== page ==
be created in Russia.
So who is looking out for U.S. jobs? This supply of finance from the Export-Import Bank would meet all the guidelines that have been established and it would provide the funding for an American company to move forward and make jobs for here in America. And that is a good motive. But the overall question is, what is Congress going to do about United States jobs?
We hear a lot about outsourcing American jobs. Nobody ever stops to say, why are we outsourcing American jobs? We keep putting barriers in place for American jobs to be created. Here is a good example. We could have Westinghouse jobs or we could have French and Russian jobs. But it goes beyond that.
Congress has created barriers over the last generation that have driven this economy to a very difficult point. Our trade deficit was $670 billion last year. Our Federal deficit is going to be about $300 billion this year. And we are seeing the loss, the outsourcing of high-quality, high-paying jobs.
If you look at what we have done here in Congress, we have created barriers that have made it difficult for people who create jobs. Health care policy, driven largely by Medicaid and Medicare, is a socialist health care policy that has driven a whole lot of paperwork and a whole lot of unnecessary practices. For example, the Hospital Association in Kansas says for every hour of health care it takes an hour of paperwork to comply with it.
We have litigation here that drives up the cost of building products here. We have regulation that costs $8,000 for every American worker, 12 percent of every product driven up by Congress' rules, and that pushing jobs overseas.
Our tax policy ends up on the bottom line of our products. Our energy policy, that cannot to make law. We could create 700,000 American jobs but we cannot get an energy bill through the Senate. We have trade policy that is unenforced. When there is a violation of our trade policy, we do not get the proper support.
The one thing that we have a surplus of in this country that we do not export is lawsuits. The only way you export lawsuits is through trade policy. You have got to have a trade policy in place to do that.
We also need to improve our research and development and our lifelong learning, but we have got to protect American jobs and this is one way to do that.
I just want to finish this up by saying, we could do a lot in Congress to create an environment here in the U.S. that would keep and create jobs, but we put barrier after barrier in place, and here is one more opportunity for us to drive jobs to France, give the jobs to France.
Let's say no, let us not do it this time. Let us oppose this amendment. Let us support Westinghouse. Let us do something for an American company for once. Just because it has the name China as the destination for the product we shouldn't go into shock. That is not the point.
The point is American jobs, either you will have them in Westinghouse, or you will have them in Russia or you will have them in France. I say bring the jobs back to America. Let us remove these barriers that we have put in place. Let us create jobs in America. We can do it and we can do it today by defeating this amendment.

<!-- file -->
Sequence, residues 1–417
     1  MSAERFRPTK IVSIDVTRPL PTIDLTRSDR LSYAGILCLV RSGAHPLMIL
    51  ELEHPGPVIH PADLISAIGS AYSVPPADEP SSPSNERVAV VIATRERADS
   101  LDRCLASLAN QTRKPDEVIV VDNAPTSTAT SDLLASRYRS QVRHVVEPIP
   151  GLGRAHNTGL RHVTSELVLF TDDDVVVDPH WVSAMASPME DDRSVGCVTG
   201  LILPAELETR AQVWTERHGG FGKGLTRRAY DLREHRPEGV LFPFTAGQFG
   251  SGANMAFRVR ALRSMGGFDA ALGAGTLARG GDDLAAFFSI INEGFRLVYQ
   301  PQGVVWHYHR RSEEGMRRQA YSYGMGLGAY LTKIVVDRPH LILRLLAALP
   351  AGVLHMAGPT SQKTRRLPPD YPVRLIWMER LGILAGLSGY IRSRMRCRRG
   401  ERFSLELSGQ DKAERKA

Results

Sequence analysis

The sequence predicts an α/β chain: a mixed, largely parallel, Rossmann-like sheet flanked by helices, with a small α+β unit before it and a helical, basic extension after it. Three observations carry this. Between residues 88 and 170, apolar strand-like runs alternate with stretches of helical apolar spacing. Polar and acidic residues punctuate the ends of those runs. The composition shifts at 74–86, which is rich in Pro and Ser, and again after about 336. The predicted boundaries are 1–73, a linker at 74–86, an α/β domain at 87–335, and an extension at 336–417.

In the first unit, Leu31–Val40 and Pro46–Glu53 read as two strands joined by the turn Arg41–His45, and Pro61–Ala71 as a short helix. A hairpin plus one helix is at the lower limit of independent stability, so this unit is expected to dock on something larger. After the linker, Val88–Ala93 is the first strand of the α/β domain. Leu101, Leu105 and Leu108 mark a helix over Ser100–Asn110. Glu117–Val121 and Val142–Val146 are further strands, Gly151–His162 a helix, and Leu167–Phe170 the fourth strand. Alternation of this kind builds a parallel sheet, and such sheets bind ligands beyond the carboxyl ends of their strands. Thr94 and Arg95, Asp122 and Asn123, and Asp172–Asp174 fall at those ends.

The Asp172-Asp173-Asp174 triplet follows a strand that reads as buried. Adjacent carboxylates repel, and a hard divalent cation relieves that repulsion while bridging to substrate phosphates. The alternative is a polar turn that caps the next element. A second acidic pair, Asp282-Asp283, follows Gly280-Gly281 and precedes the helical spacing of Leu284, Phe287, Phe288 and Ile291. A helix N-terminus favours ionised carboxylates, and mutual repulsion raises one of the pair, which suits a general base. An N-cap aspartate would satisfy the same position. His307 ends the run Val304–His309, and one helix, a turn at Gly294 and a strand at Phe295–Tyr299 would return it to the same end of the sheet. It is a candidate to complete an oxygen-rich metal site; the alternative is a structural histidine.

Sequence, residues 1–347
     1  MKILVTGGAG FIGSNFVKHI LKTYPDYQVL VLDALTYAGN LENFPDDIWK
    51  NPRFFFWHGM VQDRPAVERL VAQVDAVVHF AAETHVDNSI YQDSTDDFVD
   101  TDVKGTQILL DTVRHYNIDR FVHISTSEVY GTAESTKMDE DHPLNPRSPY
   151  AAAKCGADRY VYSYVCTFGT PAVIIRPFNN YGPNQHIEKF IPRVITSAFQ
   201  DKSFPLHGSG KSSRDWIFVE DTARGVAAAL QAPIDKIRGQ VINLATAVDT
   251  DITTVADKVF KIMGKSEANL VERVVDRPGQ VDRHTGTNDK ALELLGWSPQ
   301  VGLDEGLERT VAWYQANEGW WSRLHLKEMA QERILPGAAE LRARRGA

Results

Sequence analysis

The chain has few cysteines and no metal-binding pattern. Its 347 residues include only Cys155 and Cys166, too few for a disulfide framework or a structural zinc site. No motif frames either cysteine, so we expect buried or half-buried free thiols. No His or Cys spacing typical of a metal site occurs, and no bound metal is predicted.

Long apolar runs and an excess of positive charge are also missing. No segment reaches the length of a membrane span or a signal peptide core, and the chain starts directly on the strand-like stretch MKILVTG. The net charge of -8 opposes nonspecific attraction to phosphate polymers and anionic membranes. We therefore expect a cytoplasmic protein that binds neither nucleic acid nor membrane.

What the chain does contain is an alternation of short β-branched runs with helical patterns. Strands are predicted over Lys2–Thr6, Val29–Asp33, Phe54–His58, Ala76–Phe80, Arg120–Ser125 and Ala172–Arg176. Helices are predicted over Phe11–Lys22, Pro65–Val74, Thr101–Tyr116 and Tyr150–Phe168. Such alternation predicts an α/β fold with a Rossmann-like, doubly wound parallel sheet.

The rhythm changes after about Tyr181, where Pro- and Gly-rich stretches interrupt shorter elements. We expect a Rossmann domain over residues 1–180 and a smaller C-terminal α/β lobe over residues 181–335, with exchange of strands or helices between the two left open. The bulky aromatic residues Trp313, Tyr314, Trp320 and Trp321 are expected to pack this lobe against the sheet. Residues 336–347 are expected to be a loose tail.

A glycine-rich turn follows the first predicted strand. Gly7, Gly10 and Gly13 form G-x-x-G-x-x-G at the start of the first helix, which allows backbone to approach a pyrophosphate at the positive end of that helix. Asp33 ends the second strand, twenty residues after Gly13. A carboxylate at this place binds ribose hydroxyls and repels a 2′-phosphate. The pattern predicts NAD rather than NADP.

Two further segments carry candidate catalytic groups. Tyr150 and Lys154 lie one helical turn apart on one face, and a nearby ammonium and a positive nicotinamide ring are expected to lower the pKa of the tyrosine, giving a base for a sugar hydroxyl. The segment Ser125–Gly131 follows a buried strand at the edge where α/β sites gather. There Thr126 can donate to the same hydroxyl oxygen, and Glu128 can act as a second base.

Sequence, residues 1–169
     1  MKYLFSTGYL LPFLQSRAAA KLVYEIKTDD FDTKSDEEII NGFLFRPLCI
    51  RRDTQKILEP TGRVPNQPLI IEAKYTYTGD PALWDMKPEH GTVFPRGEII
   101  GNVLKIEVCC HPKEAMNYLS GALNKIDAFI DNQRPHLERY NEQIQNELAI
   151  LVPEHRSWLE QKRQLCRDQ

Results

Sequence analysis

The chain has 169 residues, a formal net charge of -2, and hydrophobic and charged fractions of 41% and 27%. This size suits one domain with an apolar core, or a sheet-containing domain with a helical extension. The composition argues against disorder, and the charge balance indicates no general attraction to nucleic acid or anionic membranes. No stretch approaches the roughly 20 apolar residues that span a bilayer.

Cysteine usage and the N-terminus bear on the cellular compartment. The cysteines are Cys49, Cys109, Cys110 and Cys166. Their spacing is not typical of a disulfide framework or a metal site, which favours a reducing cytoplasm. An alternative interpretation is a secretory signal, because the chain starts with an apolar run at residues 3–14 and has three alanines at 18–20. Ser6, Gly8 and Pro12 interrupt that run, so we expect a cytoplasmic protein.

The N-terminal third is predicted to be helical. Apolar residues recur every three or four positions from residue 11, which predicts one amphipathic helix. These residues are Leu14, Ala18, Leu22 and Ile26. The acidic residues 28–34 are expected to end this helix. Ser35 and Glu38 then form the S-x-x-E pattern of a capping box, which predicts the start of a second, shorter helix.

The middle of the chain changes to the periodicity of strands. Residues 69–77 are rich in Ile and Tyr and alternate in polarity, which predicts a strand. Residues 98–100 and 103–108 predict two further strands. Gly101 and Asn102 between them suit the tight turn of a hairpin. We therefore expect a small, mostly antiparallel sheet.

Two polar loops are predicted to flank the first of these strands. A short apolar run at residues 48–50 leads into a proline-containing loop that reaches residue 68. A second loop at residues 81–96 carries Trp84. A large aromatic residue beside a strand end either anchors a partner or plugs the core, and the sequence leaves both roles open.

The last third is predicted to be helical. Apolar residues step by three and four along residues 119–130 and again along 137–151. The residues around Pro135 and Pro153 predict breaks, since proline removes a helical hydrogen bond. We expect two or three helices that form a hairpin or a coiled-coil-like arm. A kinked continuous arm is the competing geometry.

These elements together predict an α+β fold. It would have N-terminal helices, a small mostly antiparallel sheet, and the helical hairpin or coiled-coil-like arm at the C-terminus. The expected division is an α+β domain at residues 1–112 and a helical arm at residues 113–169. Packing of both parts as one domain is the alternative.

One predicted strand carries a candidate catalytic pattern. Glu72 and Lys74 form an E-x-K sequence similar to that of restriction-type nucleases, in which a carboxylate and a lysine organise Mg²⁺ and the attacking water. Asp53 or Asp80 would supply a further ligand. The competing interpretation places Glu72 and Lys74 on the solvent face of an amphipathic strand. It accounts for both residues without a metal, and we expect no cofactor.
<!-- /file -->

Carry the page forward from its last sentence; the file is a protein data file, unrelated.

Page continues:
I thank the Chairman Kolbe for doing a fine job.
Mr. SANDERS. Mr. Chairman, I yield myself the balance of the time.
The American middle class is shrinking, and one of the reasons that we are losing good-paying jobs is that corporation after corporation is throwing American workers out on the street and moving to countries like China where desperate people are paid 30 cents an hour, 20 cents an hour and go to jail when they stand up for their political rights or stand up for their right to form a union.
There is increasing concern by people from all walks of life that the economy of China, which is growing in leaps and bounds, is threatening the American standard of living. Whether it is blue collar jobs or white collar, information technology jobs, China is growing while our jobs are shrinking; and we are losing good-paying jobs and providing our young people with low-wage jobs, with minimal benefits.
If it makes sense to anybody in this country to be putting $5 billion of American taxpayer money at risk, to be subsidizing the development of nuclear power plants in China, providing them with the technology that can be used for military purposes, with a company that is owned by the British Government, if somebody got up here and proposed subsidies for a federally owned company, people on the other side would go ballistic; but it is okay to be subsidizing a nationalized company in Great Britain
providing and building nuclear power plants in China.
I think that the time is long overdue that the United States Congress took a very hard look at Export-Import Bank in general. Over the years, what we have seen is they are providing huge subsidies to large corporations who are outsourcing American jobs. In this instance, they are providing a subsidy to a British company owned by their own government building nuclear power plants in China.
I think that is a very bad deal. I think the American people would be shocked if we allowed this to go through, and I hope that we can support this tri-partisan amendment.
Mr. Chairman, I yield back the balance of my time.